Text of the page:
Yes, any sick leave policies and state sick pay are benefits that are separate from, and in addition to, the Families First law requirements.  Be mindful of local sick leave requirements that are more restrictive than the state standard.  Paid sick leave in California varies depending on the city where an employee works and the employer's policies regarding PTO (if any). For example, if an employee works in the City of Los Angeles, the employee should receive at least 48 hours of sick leave per year provided at the start of each year of employment/calendar year/12-month period OR one (1) hour of paid sick leave for every thirty (30) hours worked.

Also, while FMLA and CFRA leave provide 12 weeks of unpaid leave to employers with at least 50 employees, the Families First law provides emergency paid sick and family leave without excluding smaller businesses.

How will paying for sick leave under Families First work? 

In essence, employers will be obligated to pay out sick pay in exchange for credit from the IRS for payroll taxes.  The IRS has promised to issue guidance in the upcoming week on how this process will work.  In the meantime, you can look here.

Do workers' compensation benefits apply to employees who telework?

Yes, if the injuries arise out of or in the course of employment, and this would include any coronavirus exposure.  This may lead to obvious problems of proof.  So, as a practical matter, employers and employees should maintain detailed documentation regarding any illness prevention measures and potential that have been taken, records of requests for leave and symptoms, and coronavirus exposure analysis.  Employers should review their workers' compensation policies and speak to their brokers about the risks in light of the coronavirus pandemic and the obligations to give timely notice for any injured worked.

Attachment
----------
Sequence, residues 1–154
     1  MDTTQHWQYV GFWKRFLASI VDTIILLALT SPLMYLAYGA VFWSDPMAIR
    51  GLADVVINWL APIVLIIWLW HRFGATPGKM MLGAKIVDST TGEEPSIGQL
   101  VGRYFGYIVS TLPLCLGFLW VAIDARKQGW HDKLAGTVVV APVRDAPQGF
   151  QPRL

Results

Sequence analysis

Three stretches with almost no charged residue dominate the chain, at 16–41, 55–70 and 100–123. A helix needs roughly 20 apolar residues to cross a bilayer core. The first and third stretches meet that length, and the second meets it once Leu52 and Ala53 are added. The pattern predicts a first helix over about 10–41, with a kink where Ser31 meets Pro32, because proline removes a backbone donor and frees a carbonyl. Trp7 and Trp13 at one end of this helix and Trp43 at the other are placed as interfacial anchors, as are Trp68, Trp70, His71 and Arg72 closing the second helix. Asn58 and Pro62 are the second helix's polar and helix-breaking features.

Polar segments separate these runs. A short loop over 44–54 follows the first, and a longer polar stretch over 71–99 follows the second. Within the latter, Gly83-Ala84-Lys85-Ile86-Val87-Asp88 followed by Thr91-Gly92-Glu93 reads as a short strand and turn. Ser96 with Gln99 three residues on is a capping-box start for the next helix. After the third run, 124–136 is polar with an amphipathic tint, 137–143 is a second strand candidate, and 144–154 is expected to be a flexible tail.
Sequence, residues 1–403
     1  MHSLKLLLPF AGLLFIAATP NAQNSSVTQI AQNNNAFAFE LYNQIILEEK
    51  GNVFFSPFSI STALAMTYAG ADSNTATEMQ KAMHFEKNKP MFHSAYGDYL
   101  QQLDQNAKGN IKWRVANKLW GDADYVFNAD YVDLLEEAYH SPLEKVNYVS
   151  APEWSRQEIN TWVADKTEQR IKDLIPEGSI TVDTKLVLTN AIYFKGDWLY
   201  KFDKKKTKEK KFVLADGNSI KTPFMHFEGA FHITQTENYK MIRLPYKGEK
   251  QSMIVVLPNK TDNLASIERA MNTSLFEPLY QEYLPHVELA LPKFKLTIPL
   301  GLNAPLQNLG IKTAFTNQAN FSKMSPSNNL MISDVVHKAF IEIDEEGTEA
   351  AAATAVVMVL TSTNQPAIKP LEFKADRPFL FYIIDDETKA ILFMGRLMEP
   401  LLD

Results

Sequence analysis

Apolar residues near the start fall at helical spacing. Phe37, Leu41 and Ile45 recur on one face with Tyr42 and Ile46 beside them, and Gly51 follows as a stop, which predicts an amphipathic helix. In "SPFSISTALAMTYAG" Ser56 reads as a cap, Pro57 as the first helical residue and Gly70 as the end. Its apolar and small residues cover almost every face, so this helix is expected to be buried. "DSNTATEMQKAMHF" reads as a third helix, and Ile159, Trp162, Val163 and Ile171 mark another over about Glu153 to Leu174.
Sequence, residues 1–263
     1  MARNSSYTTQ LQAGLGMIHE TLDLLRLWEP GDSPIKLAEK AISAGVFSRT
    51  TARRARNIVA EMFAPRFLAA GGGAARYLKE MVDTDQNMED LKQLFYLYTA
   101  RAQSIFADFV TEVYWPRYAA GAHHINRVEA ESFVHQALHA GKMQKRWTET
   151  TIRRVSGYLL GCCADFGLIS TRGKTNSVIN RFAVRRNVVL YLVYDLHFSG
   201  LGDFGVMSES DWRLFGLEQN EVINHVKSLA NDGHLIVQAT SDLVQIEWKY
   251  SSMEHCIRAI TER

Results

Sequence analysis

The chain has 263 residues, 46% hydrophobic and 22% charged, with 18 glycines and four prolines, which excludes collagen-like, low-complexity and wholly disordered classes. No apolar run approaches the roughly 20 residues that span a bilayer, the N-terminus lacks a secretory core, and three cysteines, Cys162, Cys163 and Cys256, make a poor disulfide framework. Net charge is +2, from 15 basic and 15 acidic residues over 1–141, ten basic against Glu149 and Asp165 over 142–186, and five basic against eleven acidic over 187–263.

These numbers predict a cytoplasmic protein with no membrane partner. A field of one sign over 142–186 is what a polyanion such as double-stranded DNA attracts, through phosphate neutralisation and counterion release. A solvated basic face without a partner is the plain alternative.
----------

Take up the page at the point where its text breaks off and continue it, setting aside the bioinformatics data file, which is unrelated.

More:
About the Author

Lilit (Lily) Solmer

Orange County Employment Law Attorney Attorney Solmer provides aggressive representation in litigating a wide spectrum of claims before state and federal courts and administrative agencies. She is caring and compassionate as an advocate, fierce and skilled in litigation. No one will work harder ...

Comments

Pat Chadderon Reply

Posted Oct 29, 2020 at 20:27:39

I’m over 70 don’t have covid but my job said I can come do disenfecting and my doctor said I’m high risk they say I need to resign ? I’m not sure because I have unemployment? I need advice as I’m high risk

Lilit (Lily) Solmer Reply

Posted Oct 30, 2020 at 08:44:27

Dear Pat: Thank you for your commment. Please call our firm to discuss 714-794-8558. Thank you. – Lily